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Thread: Looking for some feedback on my website, and some marketing questions.

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    Default Looking for some feedback on my website, and some marketing questions.

    Hi, Iíve written a document scanning and ocr application and have my website up and running for it. I was wondering if I could get some reviews on the siteís appearance and layout. Also, if I could get opinions on the pricing Iíve set that would be great. Iím trying to get this website business off the ground while working a full-time job. My target market is not the large companies that already have document scanning software and/or can afford to pay tens of thousands of dollars each year to install and maintain it. I want to reach the many smaller companies with 1-50 employees that donít have this kind of software yet, only want to pay a ďlittle bitĒ for it, and who want to install and learn it themselves. I think thereís a market for this product but I donít know how to reach it. So far the website hasnít really gone anywhere. I havenít had much time to put into marketing it. I thought of joining affiliate networks but I didnít want give control of distribution to one of these monoliths and have the hassle of dealing with them. I started an affiliate program with iDevAffiliate but I havenít advertised it yet. My website is VeloScan - Home. If you could take a look and provide some feedback that would be great. If you know someone who could use this software I'm prepared to give them a permanent 85% discount just to get a user base. Thanks.

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    We will see what some of the others have to say but to me it seemed excellent. I thought the layout and colors were nice, the message easy to understand and the prices easy to find and understand. As far as how the pricing compares I have no idea but it seems competitive.
    Ray Badger, Turbo Technologies, Inc.
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    root Array Harold Mansfield's Avatar
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    The one thing I do like is the Go Animate video. It's really easy to screw those up and I think you did a nice job on it.

    I notice you keep speaking of it as a "website business". You're not in the website business. You have a document scanner. You're in the document scanner business. The website is store through which you sell it.

    I'm not a big fan of the website itself. It looks a little dated, and DIY. Lot of wasted space, bland design, copy writing needs a lot of help. Ordering looks over complicated.

    I don't know what this program is supposed to do so I can't comment on the price. When I hear document scanner I think of the thing that my all in one printer already does, or the free apps (One Note, Keep, S-Note) that I have on my phone that can scan, catalogue and change documents.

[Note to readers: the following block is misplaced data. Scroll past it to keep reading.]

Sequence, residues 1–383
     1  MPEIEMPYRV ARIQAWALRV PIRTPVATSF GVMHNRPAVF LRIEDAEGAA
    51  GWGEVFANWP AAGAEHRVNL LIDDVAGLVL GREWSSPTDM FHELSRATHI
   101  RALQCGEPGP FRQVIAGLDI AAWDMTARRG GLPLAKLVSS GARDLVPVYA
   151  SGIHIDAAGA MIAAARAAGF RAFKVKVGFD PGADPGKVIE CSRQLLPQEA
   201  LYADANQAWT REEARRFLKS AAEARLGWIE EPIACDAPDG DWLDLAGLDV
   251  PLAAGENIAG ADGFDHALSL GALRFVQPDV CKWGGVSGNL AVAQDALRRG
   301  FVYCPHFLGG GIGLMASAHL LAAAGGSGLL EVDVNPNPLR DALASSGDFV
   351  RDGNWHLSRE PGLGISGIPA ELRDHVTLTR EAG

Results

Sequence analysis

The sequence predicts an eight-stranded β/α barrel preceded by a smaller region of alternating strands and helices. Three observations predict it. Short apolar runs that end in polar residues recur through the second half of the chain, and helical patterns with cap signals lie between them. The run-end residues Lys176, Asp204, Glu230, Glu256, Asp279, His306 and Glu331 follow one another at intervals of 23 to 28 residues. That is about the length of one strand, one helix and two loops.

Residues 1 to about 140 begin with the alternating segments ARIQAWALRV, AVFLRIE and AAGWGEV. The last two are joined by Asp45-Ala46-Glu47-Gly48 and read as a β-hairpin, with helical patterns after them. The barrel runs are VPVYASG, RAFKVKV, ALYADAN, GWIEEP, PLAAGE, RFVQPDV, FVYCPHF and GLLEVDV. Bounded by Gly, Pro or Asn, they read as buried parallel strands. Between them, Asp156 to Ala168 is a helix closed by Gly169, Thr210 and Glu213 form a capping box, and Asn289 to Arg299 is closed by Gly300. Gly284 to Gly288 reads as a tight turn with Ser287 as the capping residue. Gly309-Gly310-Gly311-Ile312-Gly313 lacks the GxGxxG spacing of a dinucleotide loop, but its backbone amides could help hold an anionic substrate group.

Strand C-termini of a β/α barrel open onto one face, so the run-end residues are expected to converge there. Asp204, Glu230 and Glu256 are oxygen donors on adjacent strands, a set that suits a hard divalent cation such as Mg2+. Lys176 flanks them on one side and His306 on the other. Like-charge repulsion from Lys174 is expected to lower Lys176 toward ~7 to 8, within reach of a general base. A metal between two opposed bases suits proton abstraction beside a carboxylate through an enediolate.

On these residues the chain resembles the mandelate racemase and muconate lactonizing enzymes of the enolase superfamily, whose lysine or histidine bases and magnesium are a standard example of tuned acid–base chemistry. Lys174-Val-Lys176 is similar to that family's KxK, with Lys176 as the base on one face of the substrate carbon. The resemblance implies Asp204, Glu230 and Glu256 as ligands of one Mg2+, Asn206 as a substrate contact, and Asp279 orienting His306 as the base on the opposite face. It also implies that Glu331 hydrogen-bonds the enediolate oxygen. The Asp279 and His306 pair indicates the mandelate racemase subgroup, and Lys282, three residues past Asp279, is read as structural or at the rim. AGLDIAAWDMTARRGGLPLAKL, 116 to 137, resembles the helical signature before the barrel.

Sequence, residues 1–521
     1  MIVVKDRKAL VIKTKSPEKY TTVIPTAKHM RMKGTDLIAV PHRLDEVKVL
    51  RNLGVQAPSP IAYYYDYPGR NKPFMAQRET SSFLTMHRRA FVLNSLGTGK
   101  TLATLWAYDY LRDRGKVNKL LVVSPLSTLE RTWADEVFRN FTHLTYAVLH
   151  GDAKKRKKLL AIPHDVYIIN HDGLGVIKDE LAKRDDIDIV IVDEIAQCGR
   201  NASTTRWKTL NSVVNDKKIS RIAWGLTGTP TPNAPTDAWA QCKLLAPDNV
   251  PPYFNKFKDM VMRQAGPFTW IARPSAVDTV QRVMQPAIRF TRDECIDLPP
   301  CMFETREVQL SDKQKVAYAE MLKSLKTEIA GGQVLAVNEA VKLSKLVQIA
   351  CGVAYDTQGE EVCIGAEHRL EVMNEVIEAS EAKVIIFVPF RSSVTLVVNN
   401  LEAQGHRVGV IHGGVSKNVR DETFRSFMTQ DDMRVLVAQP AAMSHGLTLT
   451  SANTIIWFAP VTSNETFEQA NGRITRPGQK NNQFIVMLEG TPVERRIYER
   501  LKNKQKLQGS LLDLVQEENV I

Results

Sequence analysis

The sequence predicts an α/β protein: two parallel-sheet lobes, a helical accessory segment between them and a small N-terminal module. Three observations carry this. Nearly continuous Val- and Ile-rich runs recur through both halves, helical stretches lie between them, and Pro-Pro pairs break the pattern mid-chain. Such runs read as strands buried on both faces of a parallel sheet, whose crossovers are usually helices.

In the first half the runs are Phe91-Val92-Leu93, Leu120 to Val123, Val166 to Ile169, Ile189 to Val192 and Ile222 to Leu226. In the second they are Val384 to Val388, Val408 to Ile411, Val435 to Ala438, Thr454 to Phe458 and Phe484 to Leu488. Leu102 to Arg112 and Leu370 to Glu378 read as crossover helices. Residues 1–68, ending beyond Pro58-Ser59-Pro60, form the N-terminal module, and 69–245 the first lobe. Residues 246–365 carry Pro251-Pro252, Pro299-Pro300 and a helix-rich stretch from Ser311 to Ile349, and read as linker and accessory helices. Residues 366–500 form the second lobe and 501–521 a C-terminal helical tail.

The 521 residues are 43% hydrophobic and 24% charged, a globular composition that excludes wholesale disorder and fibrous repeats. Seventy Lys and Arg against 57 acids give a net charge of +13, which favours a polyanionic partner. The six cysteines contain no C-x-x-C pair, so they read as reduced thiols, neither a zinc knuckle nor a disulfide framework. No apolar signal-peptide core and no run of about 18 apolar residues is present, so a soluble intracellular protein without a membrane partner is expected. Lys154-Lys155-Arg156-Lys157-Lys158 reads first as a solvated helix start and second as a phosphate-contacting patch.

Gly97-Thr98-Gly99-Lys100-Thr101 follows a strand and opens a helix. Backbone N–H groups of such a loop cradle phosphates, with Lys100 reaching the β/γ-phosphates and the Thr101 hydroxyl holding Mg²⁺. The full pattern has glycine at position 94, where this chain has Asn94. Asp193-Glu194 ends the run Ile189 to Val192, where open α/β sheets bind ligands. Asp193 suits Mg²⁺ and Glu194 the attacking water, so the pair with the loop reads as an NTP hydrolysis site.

I can see that you have a lot of content, it's just not presented or organized well. I think it could and should be much better.
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    I looked at your website and am not sure what the value proposition is. Your target customers already have a scanner and presumably that comes with OCR software. Is your OCR software more accurate than the big names?

    You mention document management software. There are a lot of established products on the market there, too. I used PaperPort for document management with my Visioneer scanner 20 years ago and now the software is owned by Nuance, owner of OmniPage and DragonDictate. What does your software add that the established off-the-shelf products don't have?

    You may have a value proposition but your website doesn't explain to me why your product fills my needs.

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    Thanks for your kind and honest replies turboguy, Harold, and David.

    Harold, yes you are correct. It's not a website business (it was the end of a long day when I wrote the post last night). Yes I built the website myself - trying to keep costs down. I agree it's not as modern-looking as most these days that have a landing page with a large image on it, but I do think of the website as neat, simply laid out, and easy to navigate.

    David, I have put many of the features of the application in point form next to the pictures on the home page, as well as in the features page, and have provided videos for people to watch, but I do acknowledge that potential customers would have to take the time to wade through it all to get the full picture. I think your final statement "You may have a value proposition but your website doesn't explain to me why your product fills my needs" sums up my dilemma. How do I *instantly* get my value proposition across to a reader if they haven't used a document scanning system before, or they have only used a single-user application whose main feature is to create searchable PDFs?

    To answer your questions quickly:
    * My app uses the free Tesseract OCR application (originally developed at Hewlett Packard Laboratories). This OCR is as good as the other commercial ones and you can install over 50 additional languages to OCR in at no extra cost.